As It Is or As I Am – the Art of Becoming

A journey … towards … being

Clients who don’t attend

Just back from the youth agency where I volunteer as a counsellor. Thought I had two appointments. One at 7, the other at 8. Neither came.

The 7 I expected. I’d texted during the day to say I was well again. The last two weeks I’d been signed off sick so was unable to be there. I’d let the client know and had texts back acknowledging that, saying not to worry. Last week the text said “hopefully see you next week”. Was angry and frustrated with no one turning up and not letting me know. Someone else could have taken their place. Then, a little guilt comes – maybe there was a valid reason, maybe they are ill? But then why not phone and leave a message? The thought from some perspectives is that this is pay back. You weren’t there for me, so I’m not going to be there for you. If I have unconditional positive regard for this client, do I just accept this non-attendance? Well, yes and no. Shouldn’t let this distract from the relationship. With there being no show I called but no answer, so left a message asking if they were ok and to please let me know whether they’d be coming next week. If there is no reply by next week will phone again to say if you don’t come again without giving a reason then the time will be given to another client. There is always a waiting list.

The 8 had left a message saying they’d be there next week. Ok, not so bad.

It raises the question of youth counselling and general attendance at sessions. I’ve not had much experience of adults, except with Cruse. Out of the few Cruse clients I saw all were present.

This leaves me with the question of is it worth staying with the youth agency or do I go back to Cruse? Had taken a break from seeing Cruse clients following the death of my father last September and my father-in-law this February.

Another question is who am I doing this all for? Well, the volunteering is to get enough counselling hours to gain the diploma at this year end. Need 100 hours. The counselling is to bless the lives of others. Kind of two way street? Not quite losing myself to find myself, but sort of. The idea is to serve now to gain the diploma, being able to serve more then.

Some prayer and meditation to direct my way.

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3 responses to “Clients who don’t attend

  1. Lucifa 31 March, 2010 at 22:50

    Your clients did a no show because they were angry with you. And rightly so. It is the job of the client to be angry with the counsellor and it is the job of the counsellor to be able to hold the client [emoationally] through the rage.
    I think you are looking at this ‘dilemma’ of yours through very simple lenses. It is far more complicated than that.

    On an unconsciousl level the clients will be angry with you for ‘abandoning’ them. Therapy helps the client to regress to back to childhood sometimes infancy. Whether that is wanted by the therapist or not doesnt matter. If the client was hurt or traumatised in any way at an early age s/he will regress back to that age and feel those feelings.
    Please, please please for the good of your clients read up about attachment theory. Winnicott, klein. Read about attchment in therapy too.

    You say the counselling is to bles sthe lives of others? Are the ones who are angry with you not worth your time? To give the session to someone else would repeat something terrible for them I am sure. What are you afraid of that you are thinking about rejecting them and giving their slot to someone else [someone who ‘deserves’ it]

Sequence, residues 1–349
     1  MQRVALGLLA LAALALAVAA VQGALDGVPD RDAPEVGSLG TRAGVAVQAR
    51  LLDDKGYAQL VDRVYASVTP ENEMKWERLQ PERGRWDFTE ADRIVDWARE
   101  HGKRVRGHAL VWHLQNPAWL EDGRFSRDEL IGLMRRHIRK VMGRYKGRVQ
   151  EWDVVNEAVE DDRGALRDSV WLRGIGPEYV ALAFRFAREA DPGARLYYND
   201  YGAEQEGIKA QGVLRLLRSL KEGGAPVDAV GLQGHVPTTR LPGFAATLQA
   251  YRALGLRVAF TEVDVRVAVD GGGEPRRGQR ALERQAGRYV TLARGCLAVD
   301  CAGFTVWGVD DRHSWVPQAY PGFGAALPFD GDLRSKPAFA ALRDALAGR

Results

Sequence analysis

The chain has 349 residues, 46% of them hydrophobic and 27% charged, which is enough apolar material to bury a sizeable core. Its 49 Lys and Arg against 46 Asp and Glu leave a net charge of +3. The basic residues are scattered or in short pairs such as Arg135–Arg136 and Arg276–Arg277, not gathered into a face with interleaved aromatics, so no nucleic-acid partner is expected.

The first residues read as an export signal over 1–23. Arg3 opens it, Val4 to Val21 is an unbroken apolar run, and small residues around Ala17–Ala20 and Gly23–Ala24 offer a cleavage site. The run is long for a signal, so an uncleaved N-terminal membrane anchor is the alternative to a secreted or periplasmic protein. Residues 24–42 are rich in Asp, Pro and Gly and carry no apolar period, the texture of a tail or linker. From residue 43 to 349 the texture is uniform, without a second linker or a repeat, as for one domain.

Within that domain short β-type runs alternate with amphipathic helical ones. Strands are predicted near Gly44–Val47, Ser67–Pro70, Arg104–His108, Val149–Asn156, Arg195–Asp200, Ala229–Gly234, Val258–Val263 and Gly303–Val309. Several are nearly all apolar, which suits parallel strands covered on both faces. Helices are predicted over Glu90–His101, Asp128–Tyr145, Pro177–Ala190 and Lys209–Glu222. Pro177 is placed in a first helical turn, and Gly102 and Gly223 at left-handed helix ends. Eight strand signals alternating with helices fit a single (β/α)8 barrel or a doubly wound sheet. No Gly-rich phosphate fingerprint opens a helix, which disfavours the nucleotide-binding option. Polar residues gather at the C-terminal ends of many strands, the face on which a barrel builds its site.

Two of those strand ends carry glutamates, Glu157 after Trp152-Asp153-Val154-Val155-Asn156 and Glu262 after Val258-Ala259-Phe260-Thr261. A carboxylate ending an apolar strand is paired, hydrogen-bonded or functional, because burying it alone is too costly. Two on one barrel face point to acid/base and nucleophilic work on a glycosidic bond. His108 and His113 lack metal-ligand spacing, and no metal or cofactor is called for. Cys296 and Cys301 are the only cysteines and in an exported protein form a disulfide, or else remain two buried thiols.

The fear in you keep syou from working with the real issues. And that is anger. Rage. And anger is never neat and pretty.

  2. Neil 1 April, 2010 at 08:30

    Appreciate your comments, Lucifa. Having never met I perhaps am misunderstanding a phrase. You say the client for angry with me for my not being there for two weeks. Understand that. You also say “rightly so”. Why rightly so? I would expect some clients to be angry but to have a right? Perhaps I’m misunderstanding your use of the word right?

    Yes, the ones I’m “angry” with do deserve my time, as do all clients regardless of what they bring. Yes, there can be a feeling of abandonment for them. Yes, giving the session to another client may bring back that feeling. But how long do I wait for them to appear or not appear before giving a slot to another client? An agreement is made when first seeing client at the agency that if you miss two sessions without letting the agency know, the session will be given to another. Of course the question is, with all that will be going on for a client on a first session, how much of that “contract” does a client take in at that first meeting and remember?

  3. Lucifa 26 April, 2010 at 22:45

    Hello Neil

    With ‘rightly so’I meant…. Well let me start this way…

    I will be starting my diploma in psycho analytical psychotherapy soon and from a psychodynamic/analytical point of view, the child[now client] was angry with his/her mother for leaving [just an example] or was angry with other things she did [or dad did] but was never allowed to show that anger. Or was igniored when showing anger or punished etc. Being angry and feeling safe enough with the therapist to express that anger [even if it is by not coming to therapy] is a good thing! [if the therapist sees it for what it is and works with it] It can bring huge insight for the client.

    I say ‘rightly so’ because it is the clients job to be angry. To get in touch with the anger/shadow side. And its the counsellors job [in psychodynamic/analytical approach] to work through that with the client.

    But I realise that you train person centred so I am not sure how you would deal with the anger /transfernece/projection etc of a client

    x

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